The organizing starts around Thanksgiving and doesn’t let up through the New Year. For Christine Vachon and Pamela Koffler, the co-founding producers of the indie powerhouse Killer Films, the Sundance Film Festival is an annual trek through the snow that dates back three decades. The duo have sold 25 films here, from the 1995 Todd Haynes drama “Safe” starring Julianne Moore to 2002’s “One Hour Photo,” featuring an eerie turn from Robin Williams.
To listen to them reminisce about their memories from past visits to Park City is to step into a time capsule. “I definitely have the nostalgia stories of bringing physical cans of film,” says Koffler. “My hands were cold and the metal was cold as I put it on the luggage belt. It was a physical experience that has disappeared.”
This year, Killer Films came to Sundance with four more titles that capture the New York-based production company’s eclectic and varied tastes for small movies. There’s “Dina,” a documentary about an oddball Philadelphia couple (she loves the Kardashians and he’s a Walmart door greeter) that premiered on Friday night to strong reviews.
Miguel Arteta’s “Beatriz at Dinner” is a buzzy dark comedy starring Salma Hayek as a medical healer. Michelle Pfeiffer returns to movies in “Where Is Kyra?” as a lonely woman grappling with the death of her mother. And finally, “Lemon,” from first-time director Janicza Bravo, centers on a washed-up actor struggling with a mid-career crisis.
“It’s a healthy time, especially when you think of all the different ways a movie can go out into the world,” Vachon says. “Of the four movies we sold last year”—including the Todd Solondz comedy “Weiner-Dog” (Amazon Studios) and the college hazing thriller “Goat” (MTV Films with Paramount Pictures)—“not one of them went to a so-called traditional indie distributor. I never would have said it a couple years ago.”
She admits that she’s sometimes “shocked” at which movies go where. But they’ve learned to tell their filmmakers to downplay their expectations as they brave the city storms and slow buses circling around town.
Vachon, the seasoned producer behind such indie darlings as “Velvet Goldmine,” “Boys Don’t Cry,” “Far From Heaven” and “Carol,” has served twice on the Sundance juries. But she first came to the festival as a filmmaker with the short movie “The Way of the Wicked,” a satire of the Catholic Church. She bunked in a dorm-like dwelling, provided by the festival, with an aspiring story teller name David O. Russell.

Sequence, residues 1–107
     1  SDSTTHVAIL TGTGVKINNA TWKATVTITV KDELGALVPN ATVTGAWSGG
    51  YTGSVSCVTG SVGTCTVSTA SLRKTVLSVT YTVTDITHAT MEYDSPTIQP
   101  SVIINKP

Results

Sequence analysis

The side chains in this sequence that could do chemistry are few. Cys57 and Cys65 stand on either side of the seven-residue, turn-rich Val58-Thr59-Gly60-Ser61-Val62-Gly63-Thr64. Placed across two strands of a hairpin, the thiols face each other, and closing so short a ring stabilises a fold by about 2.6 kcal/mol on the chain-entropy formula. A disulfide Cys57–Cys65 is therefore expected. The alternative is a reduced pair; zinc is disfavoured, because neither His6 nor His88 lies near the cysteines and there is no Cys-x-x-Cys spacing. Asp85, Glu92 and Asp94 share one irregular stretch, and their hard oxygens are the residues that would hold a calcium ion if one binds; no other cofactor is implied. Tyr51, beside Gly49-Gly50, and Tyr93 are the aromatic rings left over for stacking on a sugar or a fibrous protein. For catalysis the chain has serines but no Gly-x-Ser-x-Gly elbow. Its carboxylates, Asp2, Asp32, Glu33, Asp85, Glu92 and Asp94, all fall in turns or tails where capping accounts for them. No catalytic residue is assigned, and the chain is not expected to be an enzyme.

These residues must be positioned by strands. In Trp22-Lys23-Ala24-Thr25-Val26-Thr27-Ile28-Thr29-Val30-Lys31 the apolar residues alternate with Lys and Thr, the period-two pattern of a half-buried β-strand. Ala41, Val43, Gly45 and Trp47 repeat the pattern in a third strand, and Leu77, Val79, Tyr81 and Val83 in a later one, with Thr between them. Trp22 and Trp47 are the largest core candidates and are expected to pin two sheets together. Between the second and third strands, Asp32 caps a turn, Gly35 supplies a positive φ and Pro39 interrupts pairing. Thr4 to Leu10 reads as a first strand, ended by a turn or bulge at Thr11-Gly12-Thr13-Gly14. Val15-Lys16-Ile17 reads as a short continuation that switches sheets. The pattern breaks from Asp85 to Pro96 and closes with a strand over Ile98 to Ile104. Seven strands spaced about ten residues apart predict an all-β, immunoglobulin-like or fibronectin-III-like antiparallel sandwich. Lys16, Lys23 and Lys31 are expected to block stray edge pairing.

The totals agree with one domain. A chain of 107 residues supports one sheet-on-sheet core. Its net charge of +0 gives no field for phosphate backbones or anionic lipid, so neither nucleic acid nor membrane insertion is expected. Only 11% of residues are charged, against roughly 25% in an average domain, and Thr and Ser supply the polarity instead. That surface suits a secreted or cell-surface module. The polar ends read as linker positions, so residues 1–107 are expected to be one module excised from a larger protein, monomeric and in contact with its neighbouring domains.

She recalls the year she raced out of the screening for “Safe” to make it to the Egyptian Theater for a late-night screening of “Kids.” The Larry Clark picture hadn’t officially made it into Sundance, but distributor Harvey Weinstein — then at Miramax — rented out the venue on Main Street to create buzz. After that, Sundance stopped the practice of allowing producers to screen movies that weren’t part of their lineup.
“I do remember seeing ‘Precious’ and having no preamble,” says Koffler of her 2009 trip to Sundance. “It was just a pure discovery.” And 15 years ago, one of her favorite moments was after the Q&A of “One Hour Photo,” when Williams launched into an impromptu 20-minute stand-up routine. “It was that intimate festival experience when something unexpected happens,” she says.
Against the backdrop of late nights and chili parties (which Vachon used to make at their condo), there are still difficulties associated with juggling so many films at once, especially when premiere times overlap.
“After shaking our fists at the Sundance Gods…” Vachon says.
“We divide and conquer,” Koffler adds.
Last year, there was a mild panic attack, after a stack of tickets for the “Goat” premiere disappeared. Fortunately, they were able to sneak the right VIPs past the volunteer ushers.
“It’s like planning a wedding,” says David Hinojosa, the company’s head of production and development. “You have to make sure you include everybody. We have four weddings. That’s better than three, because it would have been hard to tell one of our kids that they couldn’t go.”